“D.C. boasts the highest percentage of LGBTQ+ individuals per capita of any large U.S. city,” Czapary told the Blade. “Our city’s policies must respond to the needs of these communities and support the most vulnerable within them,” he said.
Less than a week before the June 21 primary, it couldn’t be determined whether “progressive” LGBTQ voters in Ward 1 would back Czapary or whether “moderate” LGBTQ voters in Ward 5 would back Parker.
With many political observers saying both Parker and Czapary have a shot at winning, supporters of their opponents have stepped up their opposition campaigns against the two, with Czapary being singled out as a “closet” Republican, an allegation he strongly denies.
Nadeau has pointed out that he did not become a registered Democrat until he filed for his candidacy for the Ward 1 Council seat earlier this year. Czapary says he has been a Democratic leaning independent based on his and his parents’ adherence to the Bahai faith, which shuns political parties.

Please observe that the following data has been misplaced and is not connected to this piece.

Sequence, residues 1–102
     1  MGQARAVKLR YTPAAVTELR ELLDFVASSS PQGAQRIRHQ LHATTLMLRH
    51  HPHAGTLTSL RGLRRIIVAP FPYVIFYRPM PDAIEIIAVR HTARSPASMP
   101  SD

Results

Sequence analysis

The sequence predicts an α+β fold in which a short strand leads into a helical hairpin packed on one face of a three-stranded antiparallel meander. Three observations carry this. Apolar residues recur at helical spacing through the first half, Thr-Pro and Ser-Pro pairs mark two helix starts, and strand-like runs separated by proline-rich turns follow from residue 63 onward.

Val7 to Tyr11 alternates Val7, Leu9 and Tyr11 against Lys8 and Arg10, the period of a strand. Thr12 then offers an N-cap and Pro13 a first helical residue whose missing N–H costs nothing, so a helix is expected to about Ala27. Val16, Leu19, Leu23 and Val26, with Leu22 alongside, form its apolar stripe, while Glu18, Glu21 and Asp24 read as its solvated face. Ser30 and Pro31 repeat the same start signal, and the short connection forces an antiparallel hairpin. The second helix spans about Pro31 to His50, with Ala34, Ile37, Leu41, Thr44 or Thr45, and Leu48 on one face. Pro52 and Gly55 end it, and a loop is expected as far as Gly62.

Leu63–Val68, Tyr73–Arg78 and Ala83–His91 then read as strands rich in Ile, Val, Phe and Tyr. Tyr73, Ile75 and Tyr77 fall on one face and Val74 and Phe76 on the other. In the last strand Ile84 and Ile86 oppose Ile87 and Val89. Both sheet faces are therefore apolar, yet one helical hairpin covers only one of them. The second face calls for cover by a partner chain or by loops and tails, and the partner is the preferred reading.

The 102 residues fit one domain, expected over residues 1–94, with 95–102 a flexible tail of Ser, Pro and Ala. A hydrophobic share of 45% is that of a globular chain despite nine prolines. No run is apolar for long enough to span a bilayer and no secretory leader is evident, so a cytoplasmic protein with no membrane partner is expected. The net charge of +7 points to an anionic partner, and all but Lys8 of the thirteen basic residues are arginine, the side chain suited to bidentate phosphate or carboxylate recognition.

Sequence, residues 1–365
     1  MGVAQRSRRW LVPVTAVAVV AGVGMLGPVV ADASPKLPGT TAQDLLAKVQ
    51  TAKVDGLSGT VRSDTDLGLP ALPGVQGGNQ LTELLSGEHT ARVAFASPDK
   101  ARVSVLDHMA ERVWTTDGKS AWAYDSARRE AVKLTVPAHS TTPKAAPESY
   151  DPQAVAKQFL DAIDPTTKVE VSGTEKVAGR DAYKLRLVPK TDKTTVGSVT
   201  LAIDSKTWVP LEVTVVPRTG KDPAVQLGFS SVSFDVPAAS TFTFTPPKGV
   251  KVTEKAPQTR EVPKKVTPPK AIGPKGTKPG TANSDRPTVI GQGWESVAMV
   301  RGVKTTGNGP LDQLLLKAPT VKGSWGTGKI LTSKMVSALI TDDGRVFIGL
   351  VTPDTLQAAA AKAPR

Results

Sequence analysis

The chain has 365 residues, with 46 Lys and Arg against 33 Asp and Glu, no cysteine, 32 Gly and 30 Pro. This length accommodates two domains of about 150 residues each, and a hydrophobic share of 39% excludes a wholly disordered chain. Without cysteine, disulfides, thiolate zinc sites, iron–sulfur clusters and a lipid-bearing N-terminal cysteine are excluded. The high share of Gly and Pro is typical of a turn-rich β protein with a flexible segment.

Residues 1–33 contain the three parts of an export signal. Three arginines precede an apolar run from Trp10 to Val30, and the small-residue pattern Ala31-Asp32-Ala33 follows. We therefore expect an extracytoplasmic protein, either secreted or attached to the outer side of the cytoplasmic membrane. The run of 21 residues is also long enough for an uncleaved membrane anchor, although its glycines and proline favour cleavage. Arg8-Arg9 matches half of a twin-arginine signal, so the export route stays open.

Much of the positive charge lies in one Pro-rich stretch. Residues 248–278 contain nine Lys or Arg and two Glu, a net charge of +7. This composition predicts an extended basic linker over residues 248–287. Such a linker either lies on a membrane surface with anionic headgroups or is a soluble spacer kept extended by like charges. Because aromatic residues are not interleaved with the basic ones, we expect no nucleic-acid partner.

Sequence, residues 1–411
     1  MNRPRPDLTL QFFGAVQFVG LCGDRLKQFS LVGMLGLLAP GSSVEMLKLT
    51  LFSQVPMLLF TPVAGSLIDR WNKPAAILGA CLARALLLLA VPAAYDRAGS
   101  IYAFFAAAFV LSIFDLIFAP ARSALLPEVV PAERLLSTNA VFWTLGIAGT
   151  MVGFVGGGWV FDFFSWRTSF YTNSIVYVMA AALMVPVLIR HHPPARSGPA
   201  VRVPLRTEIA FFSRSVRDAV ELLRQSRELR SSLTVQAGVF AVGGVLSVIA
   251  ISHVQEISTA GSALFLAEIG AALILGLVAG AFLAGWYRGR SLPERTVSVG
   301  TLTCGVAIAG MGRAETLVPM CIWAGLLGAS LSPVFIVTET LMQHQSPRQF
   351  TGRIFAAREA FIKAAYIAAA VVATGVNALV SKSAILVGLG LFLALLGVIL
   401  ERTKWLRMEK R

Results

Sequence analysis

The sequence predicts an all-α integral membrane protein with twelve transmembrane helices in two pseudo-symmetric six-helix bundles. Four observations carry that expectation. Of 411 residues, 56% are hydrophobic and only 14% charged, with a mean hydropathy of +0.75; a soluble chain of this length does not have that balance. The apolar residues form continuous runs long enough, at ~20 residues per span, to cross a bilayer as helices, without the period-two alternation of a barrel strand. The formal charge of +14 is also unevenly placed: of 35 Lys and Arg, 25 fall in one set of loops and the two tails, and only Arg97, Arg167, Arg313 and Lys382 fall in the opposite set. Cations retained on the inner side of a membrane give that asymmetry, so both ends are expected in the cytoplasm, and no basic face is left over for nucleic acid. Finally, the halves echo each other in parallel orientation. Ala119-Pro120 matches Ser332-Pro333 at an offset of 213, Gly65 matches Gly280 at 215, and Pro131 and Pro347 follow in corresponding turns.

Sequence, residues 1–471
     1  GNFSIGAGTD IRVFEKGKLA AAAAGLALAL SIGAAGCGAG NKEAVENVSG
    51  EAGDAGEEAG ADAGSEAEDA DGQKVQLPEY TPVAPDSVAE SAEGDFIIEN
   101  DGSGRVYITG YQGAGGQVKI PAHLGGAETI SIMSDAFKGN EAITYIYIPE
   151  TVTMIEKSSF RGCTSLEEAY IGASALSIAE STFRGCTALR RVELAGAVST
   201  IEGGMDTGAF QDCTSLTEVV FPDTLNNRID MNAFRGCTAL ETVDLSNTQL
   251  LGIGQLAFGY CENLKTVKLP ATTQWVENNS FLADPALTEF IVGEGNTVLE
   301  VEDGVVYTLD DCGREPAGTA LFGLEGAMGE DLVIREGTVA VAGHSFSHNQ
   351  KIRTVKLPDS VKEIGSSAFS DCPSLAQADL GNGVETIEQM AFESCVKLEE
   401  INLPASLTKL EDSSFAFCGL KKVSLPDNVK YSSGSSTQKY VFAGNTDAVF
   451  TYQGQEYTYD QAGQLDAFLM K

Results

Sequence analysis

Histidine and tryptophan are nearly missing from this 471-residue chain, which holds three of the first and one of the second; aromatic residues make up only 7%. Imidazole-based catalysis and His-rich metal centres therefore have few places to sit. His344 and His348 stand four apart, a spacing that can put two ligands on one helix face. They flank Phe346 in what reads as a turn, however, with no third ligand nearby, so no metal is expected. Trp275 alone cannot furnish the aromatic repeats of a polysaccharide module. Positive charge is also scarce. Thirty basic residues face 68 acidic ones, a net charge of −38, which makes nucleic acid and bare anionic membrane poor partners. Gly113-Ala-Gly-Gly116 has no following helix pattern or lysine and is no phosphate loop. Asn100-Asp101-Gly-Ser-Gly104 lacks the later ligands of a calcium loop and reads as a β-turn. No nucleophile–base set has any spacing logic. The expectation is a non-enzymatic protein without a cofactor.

He told the Blade his parents were far more accepting of him when he came out as gay than when he came out to them as a Democrat. But he said they understood his political beliefs were fully aligned with the Democratic Party.
Nadeau has also cited a Washington City Paper report in May that Czapary earlier this year named as his honorary campaign chairperson the son of a Trump supporter who was associated with a right-wing group that supported Trump’s claim that the 2020 presidential election was rigged, and that Trump was the true winner.